Sleeping Medication: What's Right for You?

By Jay Shelvin posted 05-06-2019 12:57 PM

Throughout the day, we often find ourselves busy with multiple tasks. Exhaustion can quickly set in after a long day of work, errands, and extracurricular activities. However, it isn't always easy to get to sleep. Aside from that, it can also be difficult to stay asleep at times. There are, however, sleep aids that may help you get a good night's rest. 

How Does Sleep Occur?

Through the hours of the day, the body's circadian rhythms and sleep-wake homeostasis work together to reduce wakefulness and cause you to become sleepy. These two processes cause sleep in multiple ways and are affected by multiple factors. The circadian rhythm is a 24-hour internal biological clock that regulates processes like sleep and body temperature. It's controlled by an organ in the brain called the hypothalamus, and is affected by things like light and temperature. With low daylight conditions, circadian rhythms work to release melatonin, causing you to feel sleepy. 
Sleep-wake homeostasis works to increase sleep pressure gradually through the day. The longer you are awake, the greater the need for sleep. Three neurotransmitters in this process are noted for contributing to the onset of sleep.
  • Serotonin:

    Serotonin is responsible for inducing sleep and governs the Rapid Eye Movement (REM) stage of sleep. 
  • Adenosine:

    Adenosine builds up throughout the day and reduces arousal, thereby promoting sleepiness.
  • GABA:

    Gamma-Aminobutyric Acid (GABA) is an inhibitory neurotransmitter that decreases wakefulness and increases slow-wave sleep.

What Affects Sleep?

Although sleep is a naturally occurring process, there are multiple factors that can affect the sleep/wake cycle. This includes the onset, duration, and quality of sleep. Sleep disorders, certain medications, stimulants, and artificial light all play a role in how well you rest each night.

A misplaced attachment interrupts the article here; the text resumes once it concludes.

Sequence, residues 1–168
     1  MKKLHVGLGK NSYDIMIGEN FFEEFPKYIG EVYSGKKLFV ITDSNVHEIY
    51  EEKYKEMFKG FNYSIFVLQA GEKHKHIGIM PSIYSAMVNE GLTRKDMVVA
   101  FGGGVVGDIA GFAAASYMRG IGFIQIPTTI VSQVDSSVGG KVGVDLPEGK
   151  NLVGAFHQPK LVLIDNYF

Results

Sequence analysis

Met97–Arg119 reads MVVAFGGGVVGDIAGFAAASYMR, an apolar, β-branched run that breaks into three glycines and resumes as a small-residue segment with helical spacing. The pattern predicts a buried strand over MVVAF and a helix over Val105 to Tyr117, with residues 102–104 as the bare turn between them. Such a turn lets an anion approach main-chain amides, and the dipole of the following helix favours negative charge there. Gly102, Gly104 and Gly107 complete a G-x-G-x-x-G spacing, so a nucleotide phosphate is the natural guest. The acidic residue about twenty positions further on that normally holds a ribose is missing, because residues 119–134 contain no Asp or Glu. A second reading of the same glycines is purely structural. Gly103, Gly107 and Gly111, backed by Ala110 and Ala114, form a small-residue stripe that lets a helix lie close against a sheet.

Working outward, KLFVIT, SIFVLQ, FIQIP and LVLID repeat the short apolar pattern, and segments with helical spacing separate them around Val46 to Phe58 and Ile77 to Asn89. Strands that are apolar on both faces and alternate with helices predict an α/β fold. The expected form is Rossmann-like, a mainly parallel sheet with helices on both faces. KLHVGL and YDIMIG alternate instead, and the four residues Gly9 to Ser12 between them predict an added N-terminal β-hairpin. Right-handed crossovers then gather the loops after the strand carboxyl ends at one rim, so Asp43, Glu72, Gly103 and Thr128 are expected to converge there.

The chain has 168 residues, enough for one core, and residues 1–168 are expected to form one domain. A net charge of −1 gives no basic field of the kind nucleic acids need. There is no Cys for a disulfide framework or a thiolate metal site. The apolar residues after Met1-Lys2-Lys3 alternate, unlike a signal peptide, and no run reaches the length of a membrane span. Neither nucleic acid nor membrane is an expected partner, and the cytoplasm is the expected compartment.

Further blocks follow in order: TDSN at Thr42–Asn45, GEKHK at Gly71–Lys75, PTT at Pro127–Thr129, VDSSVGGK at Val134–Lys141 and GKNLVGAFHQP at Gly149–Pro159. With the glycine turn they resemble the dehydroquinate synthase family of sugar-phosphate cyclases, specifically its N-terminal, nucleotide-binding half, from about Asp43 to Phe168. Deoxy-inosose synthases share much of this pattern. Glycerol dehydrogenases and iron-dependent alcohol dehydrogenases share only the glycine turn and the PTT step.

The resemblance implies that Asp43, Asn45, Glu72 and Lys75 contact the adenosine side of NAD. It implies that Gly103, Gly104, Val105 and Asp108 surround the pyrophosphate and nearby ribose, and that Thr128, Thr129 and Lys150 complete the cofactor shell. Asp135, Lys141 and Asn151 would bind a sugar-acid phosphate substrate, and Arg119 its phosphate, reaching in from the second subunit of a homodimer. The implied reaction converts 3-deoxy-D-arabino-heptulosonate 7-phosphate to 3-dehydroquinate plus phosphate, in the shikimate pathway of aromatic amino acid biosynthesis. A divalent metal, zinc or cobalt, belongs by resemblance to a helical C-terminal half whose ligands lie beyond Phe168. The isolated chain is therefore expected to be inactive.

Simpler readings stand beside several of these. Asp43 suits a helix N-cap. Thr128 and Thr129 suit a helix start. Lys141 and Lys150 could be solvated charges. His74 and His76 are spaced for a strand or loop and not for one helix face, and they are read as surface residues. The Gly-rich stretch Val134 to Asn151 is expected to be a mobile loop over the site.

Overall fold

• Sleep Disorders:

    Sleep disorders like narcolepsy, sleep apnea, and shift work disorder can affect the onset of sleep and reduce the quality of sleep. 
  • Alcohol:

    While alcohol serves as a central nervous system depressant, it can interrupt certain stages of sleep, causing you to get less quality rest than normal.
  • Insomnia:

    Insomnia can be caused by anything from stress to jet lag. It dramatically affects the onset of sleep, causing you to sleep outside of your normal sleep hours. 
  • Stress:

    Stress can cause an imbalance in neurotransmitters, thereby interfering with both the onset and quality of sleep. 
  • Medications:

    Certain medications like anti-histamines can interfere with the brain's natural functioning, thereby affecting your sleep/wake cycle. 
  • Stimulants:

    Stimulants like caffeine can disturb multiple stages of sleep and interfere with the initial onset of sleep. 
  • Artificial Light:

    Artificial light interrupts circadian rhythms and affects melatonin production. This can interfere with the initial onset of sleep. 

How can Medications Help?

There are a myriad of medications available to help individuals with trouble falling and staying asleep. Some require a prescription, whereas others are available over-the-counter. There are slight risk factors involved with taking any Sleep Medicine, but they vary depending on the medication, the duration of use, and interacting medications/disorders. 

Prescription Sleep Medicine

Prescription based medications include the following:
  • Ambien®, Ambien® CR (zolpidem tartrate)
  • Lunesta® (eszopiclone)
  • Sonata® (zaleplon)
  • Belsomra® (suvorexant)
  • Rozerem® (ramelteon)
  • Restoril® (temazepam)

OTC Sleep Medicine

Over-the-counter (OTC) sleep medications include anything from antihistamines to herbal supplements. A majority of widely used OTC's are listed below:
  • Melatonin
  • GABA
  • Anti-histamines
  • 5-HTP (precursor for serotonin)
  • Valerian Root 
  • Lemon Balm

What Sleep Medicine is Right for Me?

There are multiple factors that determine what sleep medication may be right for you. Neurological disorders, interacting medications, and other health conditions all play a role in determining whether or not you can take any medication for sleep. Sleep medications can also cause drowsiness, dependency,and other health risks. It's best to speak with a physician in order to determine what medication you can or cannot take for sleep.